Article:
This is the second in a series of interviews with people who are treating their pyrrole disorder (pyroluria), and/or the practitioners who are treating them.
Today, we are talking to Christine Barnes. She is principal naturopath at The Body Guard Clinic at Noosa Heads, on Queensland's Sunshine Coast.
Okay, so firstly, tell me about you. You have a history of PD yourself, is that right?
I do not have PD. However, I live with PD everyday. My husband has now essentially resolved his pyroluria - ie, after an initial intensive treatment, he self manages with a relatively low dose of zinc, P5P, and a few other supplements. He's a much more pleasant person to be around than before treatment. Still not "glass half full" but we're working on that.
My mother is very high on the pyroluric scale. She has a good many additional health issues but she is fine when taking her medications. However, sometimes she forgets and the symptoms of the pyroluria return.
How did you come to start treating patients?
I've been involved in natural medicine and food as medicine ever since I was a teenager. At the time I became fascinated with books extolling the virtues of health from fresh vegetable juice and nutrition, etc. I was living in the Australian bush and over 50 years ago there was not much access to basic ingredients. That really made me even more curious and led me to explore various diets and medicinal herbs and foods.
Since then, I've followed the path of studying health in many and various ways, studying with experts in mediation and yoga all over the world, achieving qualifications as a practitioner in Naturopathy, Nutrition Medicine, Herbal Medicine and I also have a Masters in Wellness from RMIT University. My business branding is 10 years old, but I've been treating patients for about 20 years.
How many PD patients have you treated, roughly? Would you say that there is a standard type or types of PD patient ?
I'm sorry, I've lost count of the numbers of PD patients - even roughly. My clinic specializes in stress, anxiety and mental health, and a high percentage of these patients also suffer from PD. I should say that I have yet to have a client that suffers from PD alone. The very nature of PD means that other parts of the body are going to be put under stress and, as we all know, stress is implicated in so many conditions.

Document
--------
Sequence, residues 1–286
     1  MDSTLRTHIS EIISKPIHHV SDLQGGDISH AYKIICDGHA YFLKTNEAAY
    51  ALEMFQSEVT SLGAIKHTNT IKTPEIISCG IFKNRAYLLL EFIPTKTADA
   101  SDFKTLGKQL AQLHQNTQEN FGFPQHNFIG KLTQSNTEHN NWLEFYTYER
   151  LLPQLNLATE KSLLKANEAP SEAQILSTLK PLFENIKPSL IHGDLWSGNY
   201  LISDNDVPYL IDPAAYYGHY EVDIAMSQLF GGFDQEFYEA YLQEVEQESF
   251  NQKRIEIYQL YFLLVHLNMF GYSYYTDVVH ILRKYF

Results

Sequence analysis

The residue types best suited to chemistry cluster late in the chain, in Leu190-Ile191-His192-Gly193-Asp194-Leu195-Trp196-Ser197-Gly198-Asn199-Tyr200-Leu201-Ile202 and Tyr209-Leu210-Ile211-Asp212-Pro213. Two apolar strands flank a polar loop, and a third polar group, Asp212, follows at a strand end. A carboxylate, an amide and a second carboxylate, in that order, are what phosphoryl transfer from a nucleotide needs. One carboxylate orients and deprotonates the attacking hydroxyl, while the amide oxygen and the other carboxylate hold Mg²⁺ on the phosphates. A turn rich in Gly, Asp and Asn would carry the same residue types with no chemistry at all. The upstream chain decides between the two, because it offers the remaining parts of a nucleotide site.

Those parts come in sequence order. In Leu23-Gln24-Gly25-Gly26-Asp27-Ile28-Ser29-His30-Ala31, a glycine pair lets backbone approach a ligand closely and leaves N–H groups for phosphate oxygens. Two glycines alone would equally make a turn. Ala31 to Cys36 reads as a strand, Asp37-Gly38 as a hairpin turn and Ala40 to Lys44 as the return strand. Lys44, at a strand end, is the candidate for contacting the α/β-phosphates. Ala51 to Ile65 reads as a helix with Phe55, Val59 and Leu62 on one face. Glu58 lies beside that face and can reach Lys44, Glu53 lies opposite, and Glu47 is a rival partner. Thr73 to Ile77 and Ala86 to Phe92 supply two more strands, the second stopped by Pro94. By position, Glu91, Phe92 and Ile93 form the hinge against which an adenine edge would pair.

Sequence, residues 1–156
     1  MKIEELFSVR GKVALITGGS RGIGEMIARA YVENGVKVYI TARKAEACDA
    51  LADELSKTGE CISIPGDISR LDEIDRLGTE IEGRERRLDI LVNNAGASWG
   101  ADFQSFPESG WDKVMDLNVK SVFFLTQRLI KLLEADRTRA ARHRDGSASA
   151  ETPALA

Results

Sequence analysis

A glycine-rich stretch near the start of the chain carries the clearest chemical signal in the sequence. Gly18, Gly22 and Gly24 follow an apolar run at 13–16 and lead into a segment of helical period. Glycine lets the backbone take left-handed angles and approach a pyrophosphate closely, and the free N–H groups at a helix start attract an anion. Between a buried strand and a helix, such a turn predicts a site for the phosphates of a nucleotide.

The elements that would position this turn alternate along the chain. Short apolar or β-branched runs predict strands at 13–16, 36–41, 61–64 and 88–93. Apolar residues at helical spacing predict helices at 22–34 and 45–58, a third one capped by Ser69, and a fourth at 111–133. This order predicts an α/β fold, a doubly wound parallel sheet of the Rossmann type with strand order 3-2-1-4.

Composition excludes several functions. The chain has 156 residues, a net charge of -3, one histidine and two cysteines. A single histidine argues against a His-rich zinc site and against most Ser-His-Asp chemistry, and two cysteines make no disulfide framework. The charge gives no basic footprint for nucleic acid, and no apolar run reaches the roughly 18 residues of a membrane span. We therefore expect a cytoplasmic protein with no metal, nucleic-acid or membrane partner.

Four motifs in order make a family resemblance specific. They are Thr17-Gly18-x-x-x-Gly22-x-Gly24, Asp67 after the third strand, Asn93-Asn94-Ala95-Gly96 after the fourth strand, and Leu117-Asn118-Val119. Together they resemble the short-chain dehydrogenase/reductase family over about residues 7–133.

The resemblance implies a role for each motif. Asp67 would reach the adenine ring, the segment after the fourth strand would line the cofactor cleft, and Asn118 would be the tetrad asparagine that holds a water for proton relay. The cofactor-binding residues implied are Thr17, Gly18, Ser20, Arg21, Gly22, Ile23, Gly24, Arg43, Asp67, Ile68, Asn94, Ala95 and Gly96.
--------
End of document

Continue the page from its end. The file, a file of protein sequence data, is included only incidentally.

Any success stories that you would care to share to encourage those who are embarking on their own treatment?
My husband is the success story that is closest to my home. He refused point blank to accept there was anything wrong with him for years. Refused the test. Did the test then denied the results of the test as having any consequence. Even today he refuses to undertake a hair tissue mineral analysis or comprehensive stool analysis. He has absolutely been my most challenging patient. However, since an initial intense and very begrudging anti-PD course of treatment, he's improved remarkably and now only has to take a small number of low dose pills. His leaky gut (again denied) has also significantly improved.
I will also cite another patient who was also in denial of her anxiety, experienced over-thinking of relationships, chronic relationship issues, and sensitivities to stress at work, etc. It took me 2 years to convince her to take the precursor to serotonin and within two weeks said she'd "never been this happy before" in her life! Only then was she open to further investigations the results of which are now part of her ongoing treatment.
Any challenges with PD?
Suspicion is part of the PD experience. It's probably the characteristic I struggle with most because involved in suspicion are also issues of acceptance and compliance. With the internet on everybody's fingertips, the suspicion can evolve into the checking of all sorts of websites to get a myriad of opinions and non-peer-reviewed "facts". The suspicion can then turn into complete indecision because there are so many "facts" on offer. Finally comes the stage of non-compliance which arises out of fear of doing something wrong. This compounds the anxiety, another trait typical of PD, and we end up with a vicious circle.